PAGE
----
A single bite of food can transport you to another state, city or even country. But more and more Utah chefs are using local ingredients to immerse their guests in native tastes, textures and smells.
Chef Bowman Brown of Forage Restaurant in Salt Lake City found his passion for local food in a craving to connect with his environment.
“I have always had an intense desire to understand the land around me,” Brown says. “I seek to understand the place where I live by trying to distill the flavors of a place, in essence, and include those flavors in the food we cook and the experience we provide.”
Co-owners of the aptly named Forage Restaurant, Brown and Iron Chef Viet Pham, rely on small farms and ranches for the bulk of their ingredients, with the addition of foraged ingredients. Brown and Pham are no strangers to harvesting the elements of an award- winning meal along a sun-dappled trail.
“Using local ingredients is a qualitative decision for us,” Brown says. “We want the best quality ingredients, and those are inevitably the ingredients that are produced right around us.”
Forage is not the only Utah restaurant focused on delivering high-quality local ingredients.
Seven years ago, Chefs Jerry Leidtke, Kestrel Leidtke and Robin Kilpatrick noticed a lack of restaurants in Salt Lake City emphasizing locally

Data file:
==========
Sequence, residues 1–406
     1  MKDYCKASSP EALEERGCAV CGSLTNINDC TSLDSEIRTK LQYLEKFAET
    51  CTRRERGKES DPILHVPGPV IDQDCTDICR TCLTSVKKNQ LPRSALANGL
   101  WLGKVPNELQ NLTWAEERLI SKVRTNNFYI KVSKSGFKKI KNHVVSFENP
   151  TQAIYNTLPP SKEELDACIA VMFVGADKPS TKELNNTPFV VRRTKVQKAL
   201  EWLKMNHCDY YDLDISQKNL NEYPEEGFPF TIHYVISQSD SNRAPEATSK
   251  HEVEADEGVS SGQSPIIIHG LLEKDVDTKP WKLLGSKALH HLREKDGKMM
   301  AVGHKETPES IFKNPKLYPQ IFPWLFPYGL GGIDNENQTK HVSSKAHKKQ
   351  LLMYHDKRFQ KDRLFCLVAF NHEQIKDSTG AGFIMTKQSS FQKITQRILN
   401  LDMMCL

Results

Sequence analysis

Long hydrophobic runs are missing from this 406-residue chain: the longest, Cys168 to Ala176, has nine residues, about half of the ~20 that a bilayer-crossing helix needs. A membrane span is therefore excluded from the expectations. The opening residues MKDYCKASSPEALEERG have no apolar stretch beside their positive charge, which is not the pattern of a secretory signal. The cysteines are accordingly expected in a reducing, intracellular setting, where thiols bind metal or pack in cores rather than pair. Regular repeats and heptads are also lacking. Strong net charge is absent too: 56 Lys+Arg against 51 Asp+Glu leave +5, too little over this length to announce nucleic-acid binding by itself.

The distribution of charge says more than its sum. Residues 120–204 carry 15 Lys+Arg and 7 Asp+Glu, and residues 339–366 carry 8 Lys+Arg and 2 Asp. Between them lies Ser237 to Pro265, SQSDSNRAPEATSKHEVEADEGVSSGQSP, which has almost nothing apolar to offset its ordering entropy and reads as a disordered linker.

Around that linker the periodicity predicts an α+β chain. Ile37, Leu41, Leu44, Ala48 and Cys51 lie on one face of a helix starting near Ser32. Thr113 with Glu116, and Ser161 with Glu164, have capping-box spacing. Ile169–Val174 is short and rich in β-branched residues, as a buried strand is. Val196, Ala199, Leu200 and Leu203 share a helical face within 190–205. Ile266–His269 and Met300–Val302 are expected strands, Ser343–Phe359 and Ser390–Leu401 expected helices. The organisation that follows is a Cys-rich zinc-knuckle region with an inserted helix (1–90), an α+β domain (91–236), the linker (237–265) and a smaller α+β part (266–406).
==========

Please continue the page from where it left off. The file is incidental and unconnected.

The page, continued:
sourced ingredients. Their brainchild, Tin Angel, fills that need by providing local fare, fresh from the fields and farms of Utah.
The Tin Angel menu bursts with a diverse array of ingredients found at the local farmers market.
“Farmers markets are often home to a wide range of wonderfully aromatic, interesting, beautiful to look at, touch and eat ingredients unavailable to us through other venues,” Kestrel Leidtke says. “Since a meal is ultimately only as good as the ingredients used to build it, we are constantly seeking those opportunities for quality.”
Tin Angel has close relationships with its producers, loyally patronizing their stands and advertising them on the menu. This dedication to local producers and their products is catching momentum throughout the state.
“A commitment to local products is making sense to more people every day, and the old model of large- scale chain restaurants with poor-quality ingredients shipped in from all over the world is rapidly being replaced by a new model which values freshness and quality, as well as personal relationships,” Kestrel Leidtke says. “The Tin Angel has been pleased as punch to play our little part in this food revolution.”
Learn more about Utah restaurants that support the locally grown movement at www.utahsown.org.